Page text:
Burullus Lake, Egypt

Burullus Lake is situated in the north of the Nile Delta. It covers an area of 20,000 ha and is 65 km long. A narrow sandbar separates it from the Mediterranean Sea. Before the construction of the Aswan High Dam, the lake received the Nile floods in late summer and autumn. The lake includes a noteworthy number of environments, with swamps and sand plains prevailing, and constitutes an ideal habitat for 135 land and water plant species as well as an important stop-over point for migrating birds. The area is densely populated, with approximately one million people living around the lake. Social studies revealed that approximately 185,000 people interact with the lake on a daily basis.

Fishing and aquaculture

Fishing is very important for the local people. The traditional boats—markebs and faloukas—are still used. Fishermen use traditional techniques (various kinds of nets) as well as taking advantage of the reeds. Unfortunately, many illegal fishing methods are also currently practiced. In the past, local fishermen would make their own fishing nets as well as ropes out of their old nets.


Waterfowl hunting has been a constant in Egypt since the Dynasties and the frescoes on the walls of old Egyptian temples signify the economic importance of birds. People used waterfowl for food, decoration, medicine, education, domestication, sport and religion. At present, wild birds are still shot and trapped throughout Egypt’s wetlands and deserts. There are two types of waterfowl hunting: commercial and sport hunting. Many locals, mostly fishermen, hunt waterfowl during the winter months especially, when birds are abundant around the lake. They either kill the fowl or trap them alive and sell them to middlemen either locally or in city markets. Sport hunting is practiced for pleasure and the hunted birds are consumed by the hunter’s family and friends. This activity is organized by shooting clubs based in Cairo and Alexandria that hire lakes from the local governorates and use them as hunting reserves during the winter months.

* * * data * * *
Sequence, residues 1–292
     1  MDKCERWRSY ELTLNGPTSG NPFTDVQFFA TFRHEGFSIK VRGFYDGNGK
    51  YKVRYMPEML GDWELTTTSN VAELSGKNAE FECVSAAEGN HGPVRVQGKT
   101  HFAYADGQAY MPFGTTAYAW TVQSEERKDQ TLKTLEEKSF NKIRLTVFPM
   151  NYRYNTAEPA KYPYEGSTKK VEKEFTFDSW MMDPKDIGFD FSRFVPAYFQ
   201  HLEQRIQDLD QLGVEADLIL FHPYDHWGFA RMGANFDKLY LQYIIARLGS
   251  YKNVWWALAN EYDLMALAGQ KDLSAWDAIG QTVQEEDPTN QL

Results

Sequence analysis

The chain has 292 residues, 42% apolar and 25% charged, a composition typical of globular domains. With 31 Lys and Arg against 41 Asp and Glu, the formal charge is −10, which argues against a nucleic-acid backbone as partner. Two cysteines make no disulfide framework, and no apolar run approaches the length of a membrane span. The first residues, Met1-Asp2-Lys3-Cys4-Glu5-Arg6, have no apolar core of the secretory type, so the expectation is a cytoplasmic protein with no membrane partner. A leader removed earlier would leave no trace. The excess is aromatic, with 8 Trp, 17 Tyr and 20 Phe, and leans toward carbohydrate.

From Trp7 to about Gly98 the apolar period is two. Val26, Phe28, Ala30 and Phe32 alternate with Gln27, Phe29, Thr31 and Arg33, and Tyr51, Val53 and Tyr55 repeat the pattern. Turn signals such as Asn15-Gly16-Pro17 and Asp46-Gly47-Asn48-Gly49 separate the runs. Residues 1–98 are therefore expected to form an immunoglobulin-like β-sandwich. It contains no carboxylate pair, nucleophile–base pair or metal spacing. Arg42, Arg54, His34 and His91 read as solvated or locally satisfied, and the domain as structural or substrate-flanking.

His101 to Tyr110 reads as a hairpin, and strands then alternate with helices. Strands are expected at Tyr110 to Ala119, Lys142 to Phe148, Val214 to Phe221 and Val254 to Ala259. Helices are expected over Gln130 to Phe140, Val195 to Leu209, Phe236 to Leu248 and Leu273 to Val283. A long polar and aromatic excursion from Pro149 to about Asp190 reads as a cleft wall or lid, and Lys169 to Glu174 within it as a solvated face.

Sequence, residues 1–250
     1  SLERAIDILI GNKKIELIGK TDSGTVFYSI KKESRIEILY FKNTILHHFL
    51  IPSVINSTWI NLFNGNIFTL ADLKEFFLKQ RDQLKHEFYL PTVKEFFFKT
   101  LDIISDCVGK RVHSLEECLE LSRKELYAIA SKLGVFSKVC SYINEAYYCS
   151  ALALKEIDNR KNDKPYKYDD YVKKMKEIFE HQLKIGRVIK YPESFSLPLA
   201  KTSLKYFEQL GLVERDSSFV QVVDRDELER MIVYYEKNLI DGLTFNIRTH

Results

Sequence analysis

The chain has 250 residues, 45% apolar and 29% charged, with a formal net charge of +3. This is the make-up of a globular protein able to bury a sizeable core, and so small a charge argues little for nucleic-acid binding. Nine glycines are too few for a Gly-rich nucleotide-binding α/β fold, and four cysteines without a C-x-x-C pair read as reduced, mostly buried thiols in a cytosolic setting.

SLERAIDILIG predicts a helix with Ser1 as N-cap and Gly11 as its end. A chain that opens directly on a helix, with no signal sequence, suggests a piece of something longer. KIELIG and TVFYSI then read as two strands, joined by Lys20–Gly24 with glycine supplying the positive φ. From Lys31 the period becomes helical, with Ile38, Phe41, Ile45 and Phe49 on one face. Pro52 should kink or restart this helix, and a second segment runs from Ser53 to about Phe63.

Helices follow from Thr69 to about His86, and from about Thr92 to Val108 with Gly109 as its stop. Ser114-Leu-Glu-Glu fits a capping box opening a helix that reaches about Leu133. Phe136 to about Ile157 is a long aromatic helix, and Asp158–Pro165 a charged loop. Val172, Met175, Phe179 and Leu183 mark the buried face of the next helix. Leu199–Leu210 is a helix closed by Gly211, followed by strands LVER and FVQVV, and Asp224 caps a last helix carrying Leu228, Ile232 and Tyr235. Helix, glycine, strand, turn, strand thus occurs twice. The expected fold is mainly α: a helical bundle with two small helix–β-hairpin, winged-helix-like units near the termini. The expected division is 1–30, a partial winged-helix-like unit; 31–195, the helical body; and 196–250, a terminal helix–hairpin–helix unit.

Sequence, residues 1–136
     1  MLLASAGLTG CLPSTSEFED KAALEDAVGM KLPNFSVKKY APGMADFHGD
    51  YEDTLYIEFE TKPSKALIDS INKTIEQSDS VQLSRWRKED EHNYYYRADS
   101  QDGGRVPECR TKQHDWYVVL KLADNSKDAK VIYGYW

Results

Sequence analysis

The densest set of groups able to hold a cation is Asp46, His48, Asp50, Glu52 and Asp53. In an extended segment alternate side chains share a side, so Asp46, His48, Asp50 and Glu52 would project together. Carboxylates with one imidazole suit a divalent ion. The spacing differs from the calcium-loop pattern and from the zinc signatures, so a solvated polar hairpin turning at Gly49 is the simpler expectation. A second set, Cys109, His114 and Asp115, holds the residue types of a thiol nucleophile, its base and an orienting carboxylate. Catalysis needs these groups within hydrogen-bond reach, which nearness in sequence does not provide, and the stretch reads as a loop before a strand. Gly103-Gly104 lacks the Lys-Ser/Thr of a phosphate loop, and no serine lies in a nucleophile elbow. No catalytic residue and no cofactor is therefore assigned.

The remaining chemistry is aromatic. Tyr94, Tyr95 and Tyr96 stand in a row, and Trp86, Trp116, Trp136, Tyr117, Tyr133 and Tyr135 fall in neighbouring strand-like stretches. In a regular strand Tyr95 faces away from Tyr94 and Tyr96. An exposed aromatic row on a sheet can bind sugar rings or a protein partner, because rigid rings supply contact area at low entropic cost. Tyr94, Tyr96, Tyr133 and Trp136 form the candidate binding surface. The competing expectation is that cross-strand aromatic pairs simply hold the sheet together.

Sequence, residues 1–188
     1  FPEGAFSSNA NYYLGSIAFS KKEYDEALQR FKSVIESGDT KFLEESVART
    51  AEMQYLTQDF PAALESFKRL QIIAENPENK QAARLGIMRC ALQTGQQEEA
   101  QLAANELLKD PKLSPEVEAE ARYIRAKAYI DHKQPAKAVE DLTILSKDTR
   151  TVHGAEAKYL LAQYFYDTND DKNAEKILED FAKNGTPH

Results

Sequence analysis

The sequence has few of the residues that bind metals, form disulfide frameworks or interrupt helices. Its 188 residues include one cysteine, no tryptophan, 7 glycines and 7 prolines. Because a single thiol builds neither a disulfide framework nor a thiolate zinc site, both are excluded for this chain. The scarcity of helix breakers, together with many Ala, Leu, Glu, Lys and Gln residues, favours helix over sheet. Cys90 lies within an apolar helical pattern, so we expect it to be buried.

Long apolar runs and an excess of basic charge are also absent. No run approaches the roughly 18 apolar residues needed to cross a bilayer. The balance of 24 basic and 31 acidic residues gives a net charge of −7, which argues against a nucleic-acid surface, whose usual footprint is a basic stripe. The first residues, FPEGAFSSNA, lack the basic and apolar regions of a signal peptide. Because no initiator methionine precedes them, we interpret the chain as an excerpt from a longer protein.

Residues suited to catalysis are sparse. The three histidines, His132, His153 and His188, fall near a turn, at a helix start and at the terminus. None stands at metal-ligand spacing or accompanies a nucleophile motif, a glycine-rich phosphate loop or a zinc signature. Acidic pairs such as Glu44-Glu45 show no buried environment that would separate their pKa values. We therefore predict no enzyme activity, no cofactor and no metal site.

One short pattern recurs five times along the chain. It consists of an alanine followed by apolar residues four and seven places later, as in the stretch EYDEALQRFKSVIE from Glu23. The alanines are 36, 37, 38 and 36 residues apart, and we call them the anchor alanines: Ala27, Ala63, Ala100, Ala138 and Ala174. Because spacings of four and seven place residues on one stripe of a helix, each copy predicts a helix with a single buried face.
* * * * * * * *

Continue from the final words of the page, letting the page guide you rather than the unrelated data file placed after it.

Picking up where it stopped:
Use of other wetland natural resources

Reeds are abundant in Burullus Lake and locals harvest and them into mats which are used in variety of purposes in the nearby community.

Spirituality and belief systems

Burullus occupies the northern part of the Kafr El-Sheikh district, which was the centre of worship for the god Amun-Re. The ancient city of Xois, which stood on the site of what is now the village of Sakha, was capital of the 6th Lower Egyptian nome (an administrative area). The Sanctuary of the Church of the Virgin Mary is located there. It is alleged that the child Jesus left his footprint as a bas-relief in a rock during a journey through the Delta with the Holy Family. The rock was kept hidden for many centuries to protect it from theft and was unearthed again around the end of the 20th century.